Another Example
In parting, one of the reasons this was on my mind is because the issue of 'discrimination' was brought up on one of the other blogs. My dissertation was on infant object-permanence abilities from an ecological perspective. Unintentionally, I stumbled into the mess that is the infant-looking-time literature. One of my conclusions while trying to make sense of my data is that we get into trouble when we say that an animal 'discriminates', but we do not say the behavior with which they discriminate. We often don't feel the need to say the behavior because we have bought the Myth of Knowledge, we believe that 'discriminating' is a mental activity that can be connected with any behavior... but it is not. Discriminating is a bodily act, and even if it never manifests in what we would call 'overt' behavior, all discrimination comes in the form of a particular discriminating response on the part of the body. When we fail to specify the behavior, we have had an incomplete thought. Much confusion in psychology would be avoided if instead of saying that 'a rat' discriminated between two tones, we said that the rat's 'bar pressing' discriminated between two tones. Similarly, we should not say that 'an infant' failed to discriminate two ways in which objects went out of sight, but that their 'reaching behavior' failed to discriminate ways of going out of sight.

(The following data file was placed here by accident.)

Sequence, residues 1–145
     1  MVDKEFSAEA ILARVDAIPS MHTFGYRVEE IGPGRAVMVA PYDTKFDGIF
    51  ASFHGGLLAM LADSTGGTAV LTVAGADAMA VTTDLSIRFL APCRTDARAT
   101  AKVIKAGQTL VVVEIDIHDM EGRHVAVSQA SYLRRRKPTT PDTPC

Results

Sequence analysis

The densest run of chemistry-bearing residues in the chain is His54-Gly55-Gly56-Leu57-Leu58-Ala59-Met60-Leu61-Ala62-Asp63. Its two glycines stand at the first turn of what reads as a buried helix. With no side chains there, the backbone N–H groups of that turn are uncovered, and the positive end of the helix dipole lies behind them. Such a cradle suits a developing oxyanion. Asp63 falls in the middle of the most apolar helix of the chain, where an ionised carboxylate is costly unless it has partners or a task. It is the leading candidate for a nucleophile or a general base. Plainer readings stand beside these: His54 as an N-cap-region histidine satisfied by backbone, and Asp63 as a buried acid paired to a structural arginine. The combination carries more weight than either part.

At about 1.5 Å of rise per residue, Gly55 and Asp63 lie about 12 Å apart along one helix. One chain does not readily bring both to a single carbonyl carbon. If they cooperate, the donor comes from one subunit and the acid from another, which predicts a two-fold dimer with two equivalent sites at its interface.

The question of whether an infant 'knows' an object is still present after it has gone out of sight will continue to produce no end of the worst kinds of arm-chair philosophizing, and is impossible to investigate. Determining the conditions under which infants 'behaviorally discriminate situations in which an out of sight object is present from situations in which an out of sight object is absent' presents challenges, but is entirely tractable.

Going Back